Tag Archives: servers

The Wine Nazi: “NO WINE FOR YOU!”

7 Oct

You all remember “The Soup Nazi” from Seinfeld? Well, I just met “The Wine Nazi;” he’s a twenty-eight-year-old Lebanese tight-wad (or should I say tight-end?) who graduated from Cornell, works in a PR firm, and who lost three-hundred dollars on Fantasy Football last week (Yes, I got all that information from his conversation tableside).

 Tonight the Wine Nazi thumbed through the wine menu for his party of four. Price was the only factor.  The varietal, terroirvintage and winemaker were inconsequential.

He chose a cheap bottle from a mega-wine-maker, a $72 dollar Malbec that you can get at Trader Joe’s for $13 bucks. 

After he tasted and approved the Argentinian grape juice, I started to pour his guests a small glass (To begin with, I am always conservative when it comes to the first pour; I find that a series of consecutive small pours kills a bottle faster, and ensures a second sale; the guest always thinks there is more coming, and therefore, drinks more liberally). 

I was just about to pour 1.5 ounces on the first guest’s glass, when Wine Nazi threw out his hand like a traffic cop, covering the guest’s glass, and scolding me, “No-no-no! No more.”

I thought maybe his friend didn’t want to  drink much, and the Wine Nazi was trying to help me.  And so on the next pour I went even slower. Sure enough, just as I was about to hit 1.5 ounces (less than half a pour), the Wine Nazi’s  hand flared up to stop me.

It’s not unusual for guests to silently indicate they don’t want to drink more, by raising their hand to the glass (This is a polite and traditional gesture. Blue Monied persons usually just raise the hand without comment, or thanks.  It’s very classy, much like putting your knife and fork parallel to eachother, as a signal to clear the plate.) 

However,  I’d never had the person ordering the wine, physically and verbally command me to “STOP!” pouring, before the first toast.  The Wine Nazi seemed to get a real kick out of ordering a bottle, and then having the power to dispense it over his friends.  It was pretty rude and messed up in my opinion.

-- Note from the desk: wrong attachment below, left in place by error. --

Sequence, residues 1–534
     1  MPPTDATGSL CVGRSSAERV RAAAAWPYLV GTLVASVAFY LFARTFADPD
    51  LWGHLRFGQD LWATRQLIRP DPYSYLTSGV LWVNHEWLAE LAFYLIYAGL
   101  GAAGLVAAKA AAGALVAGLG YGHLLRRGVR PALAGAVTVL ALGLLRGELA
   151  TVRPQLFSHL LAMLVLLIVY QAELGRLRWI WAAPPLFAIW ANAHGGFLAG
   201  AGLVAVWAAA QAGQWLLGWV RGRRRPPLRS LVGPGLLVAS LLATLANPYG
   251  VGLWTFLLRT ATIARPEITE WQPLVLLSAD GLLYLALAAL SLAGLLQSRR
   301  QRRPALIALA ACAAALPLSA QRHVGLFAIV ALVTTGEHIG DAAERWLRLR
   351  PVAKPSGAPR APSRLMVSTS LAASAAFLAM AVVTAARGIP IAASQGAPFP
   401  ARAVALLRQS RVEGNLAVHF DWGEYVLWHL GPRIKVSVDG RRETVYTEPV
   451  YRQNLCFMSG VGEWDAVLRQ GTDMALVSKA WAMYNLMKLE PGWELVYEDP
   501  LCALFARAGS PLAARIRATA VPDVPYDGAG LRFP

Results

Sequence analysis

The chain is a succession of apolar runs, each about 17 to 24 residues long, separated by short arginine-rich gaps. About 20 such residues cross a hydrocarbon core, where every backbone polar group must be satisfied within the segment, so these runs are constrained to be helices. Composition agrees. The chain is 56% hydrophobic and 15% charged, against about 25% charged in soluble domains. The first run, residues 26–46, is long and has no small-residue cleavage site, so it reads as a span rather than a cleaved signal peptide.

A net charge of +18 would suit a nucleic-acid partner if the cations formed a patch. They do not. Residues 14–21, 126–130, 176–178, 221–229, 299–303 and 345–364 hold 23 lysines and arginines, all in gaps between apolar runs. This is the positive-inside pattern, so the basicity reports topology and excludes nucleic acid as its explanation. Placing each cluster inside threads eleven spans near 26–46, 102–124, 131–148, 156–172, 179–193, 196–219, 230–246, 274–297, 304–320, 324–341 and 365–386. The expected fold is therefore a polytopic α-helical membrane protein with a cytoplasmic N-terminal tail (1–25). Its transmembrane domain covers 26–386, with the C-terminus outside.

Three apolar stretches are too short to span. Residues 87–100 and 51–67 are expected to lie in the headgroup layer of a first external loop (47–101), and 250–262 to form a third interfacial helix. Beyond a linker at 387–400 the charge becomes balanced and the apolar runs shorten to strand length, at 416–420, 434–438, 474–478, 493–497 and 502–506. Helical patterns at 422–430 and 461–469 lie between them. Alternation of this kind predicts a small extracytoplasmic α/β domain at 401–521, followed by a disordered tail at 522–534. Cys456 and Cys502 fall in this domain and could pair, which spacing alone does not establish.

The strange part was that he didn’t just pour the wine himself, and looked at me impatiently when his friends’ glasses were empty, as if to say, “Hey lazy, aren’t you going to fill our glasses?” But of course, the moment I started to pour, there was the traffic-light hand again, telling me to stop.

I should have just yelled at him, “NO WINE FOR YOU!”

Follow The Fold

29 Sep

The Industrial Revolution failed; people still fold napkins.

Every night, a restaurant’s staff  folds thousands of napkins, in order for them to be unfolded, soiled, cleaned, pressed, and then folded again. It’s an endless enterprise.

Over the course of one evening, the house stockpile of folded whites, rises and falls, like the tides.  Usually around 11:30, the last reserves have been snatched up, and reset on tables.  Only after the saddest, off-white  folds begin circulating into service, do the bussers begin to prophetize, “No napkins soon! No napkins!” Service must stop, folding commences, and the famine is kept at bay.    

Folding is time intensive.  The more elaborate the fold, the more time it takes.  The past three restaurants I have worked in have used the same exact basic fold.  So I’m quite comfortable with this particular tri-fold, and can produce the napkin in 8 seconds flat. 

At 8 seconds a napkin (I just timed myself), 50 napkins should take only 8 minutes, but that doesn’t seem reallistic. In fact, 50 napkins usually takes 10-15 minutes, even at a pert pace. There must be some breathing room in there that I’m not counting? Ah yes, gossip.

I just calculated that I have folded a minimum of 31,200 napkins, in the last three years.

(Minimum of 50 Napkins a day)* x (Average of  4 days a week) x (52 weeks a year) x (3 years)

=31,200

*Some side-work requires 200 napkins. Number of napkins folded does not include silverware “roll-ups” for the patio.

31,200 napkins is a substantial amount of gossip. Lots of sex has been relived over those clean linens, lots of dreams shared, and lots of tears shed.

Not everyone socializes over folding. I once had a manager named Sally, who folded napkins like a solitary Catholic reciting her rosary. She had an alcoholic boyfriend, and slowing stacking the perfect piles of white, seemed to give her solace.  It took her about 200,000 napkins before she decided to break up with the brute for good, Hail Mary!”

There was a girl Lilly, from Tennessee, who could talk faster than a cotton-mouth could slither, and who could fold faster than she could talk.  That girl could talk n’ fold, and talk n’ fold, like she had been doing it for all of eternity.  She even could take an espressos break, tell you about her last bikini wax, and still be a good fifty napkins ahead of you.  I once tried to catch up with her and nearly folded myself into an anxiety attack.

 And then there was Ahmed, a quiet, stoic Bengali, who approached napkins, much like he approached waiting tables (And life for that matter): absolutely precise, but without a hint of urgency.  Ahmed wouldn’t have folded fifty napkins a night, if Allah Himself had commanded it (He had not).

So many folds, somany friends. Tonight I taught a new server the tri-fold I’ve had in my hands for the past five years. I can’t remember who taught me my first one; I’d curse the sorry soul, but, I think it was Sally. Poor Sally. She’s probably still praying over a fold in some back server station, planning her escape, one napkin at a time. Aren’t we all?